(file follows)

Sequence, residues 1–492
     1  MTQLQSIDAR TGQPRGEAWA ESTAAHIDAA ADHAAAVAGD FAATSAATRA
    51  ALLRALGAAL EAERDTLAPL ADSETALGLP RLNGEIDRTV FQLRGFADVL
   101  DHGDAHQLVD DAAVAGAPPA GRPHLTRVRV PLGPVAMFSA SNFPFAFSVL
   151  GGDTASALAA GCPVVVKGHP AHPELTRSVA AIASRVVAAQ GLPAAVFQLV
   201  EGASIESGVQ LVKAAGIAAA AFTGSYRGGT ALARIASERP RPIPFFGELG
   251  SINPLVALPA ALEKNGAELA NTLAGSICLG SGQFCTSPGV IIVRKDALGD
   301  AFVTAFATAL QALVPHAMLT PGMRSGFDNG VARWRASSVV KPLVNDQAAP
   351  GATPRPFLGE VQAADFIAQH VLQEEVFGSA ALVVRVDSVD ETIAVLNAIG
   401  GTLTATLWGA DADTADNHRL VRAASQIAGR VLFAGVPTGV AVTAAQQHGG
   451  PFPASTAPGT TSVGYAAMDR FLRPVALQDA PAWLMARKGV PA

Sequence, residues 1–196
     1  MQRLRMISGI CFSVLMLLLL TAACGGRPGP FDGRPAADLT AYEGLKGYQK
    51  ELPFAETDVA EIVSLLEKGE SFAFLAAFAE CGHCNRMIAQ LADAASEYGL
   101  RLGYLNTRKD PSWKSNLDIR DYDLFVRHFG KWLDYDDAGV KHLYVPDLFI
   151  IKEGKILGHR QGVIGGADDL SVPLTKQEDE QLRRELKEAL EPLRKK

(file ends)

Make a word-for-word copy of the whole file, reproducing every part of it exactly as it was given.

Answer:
Sequence, residues 1–492
     1  MTQLQSIDAR TGQPRGEAWA ESTAAHIDAA ADHAAAVAGD FAATSAATRA
    51  ALLRALGAAL EAERDTLAPL ADSETALGLP RLNGEIDRTV FQLRGFADVL
   101  DHGDAHQLVD DAAVAGAPPA GRPHLTRVRV PLGPVAMFSA SNFPFAFSVL
   151  GGDTASALAA GCPVVVKGHP AHPELTRSVA AIASRVVAAQ GLPAAVFQLV
   201  EGASIESGVQ LVKAAGIAAA AFTGSYRGGT ALARIASERP RPIPFFGELG
   251  SINPLVALPA ALEKNGAELA NTLAGSICLG SGQFCTSPGV IIVRKDALGD
   301  AFVTAFATAL QALVPHAMLT PGMRSGFDNG VARWRASSVV KPLVNDQAAP
   351  GATPRPFLGE VQAADFIAQH VLQEEVFGSA ALVVRVDSVD ETIAVLNAIG
   401  GTLTATLWGA DADTADNHRL VRAASQIAGR VLFAGVPTGV AVTAAQQHGG
   451  PFPASTAPGT TSVGYAAMDR FLRPVALQDA PAWLMARKGV PA

Sequence, residues 1–196
     1  MQRLRMISGI CFSVLMLLLL TAACGGRPGP FDGRPAADLT AYEGLKGYQK
    51  ELPFAETDVA EIVSLLEKGE SFAFLAAFAE CGHCNRMIAQ LADAASEYGL
   101  RLGYLNTRKD PSWKSNLDIR DYDLFVRHFG KWLDYDDAGV KHLYVPDLFI
   151  IKEGKILGHR QGVIGGADDL SVPLTKQEDE QLRRELKEAL EPLRKK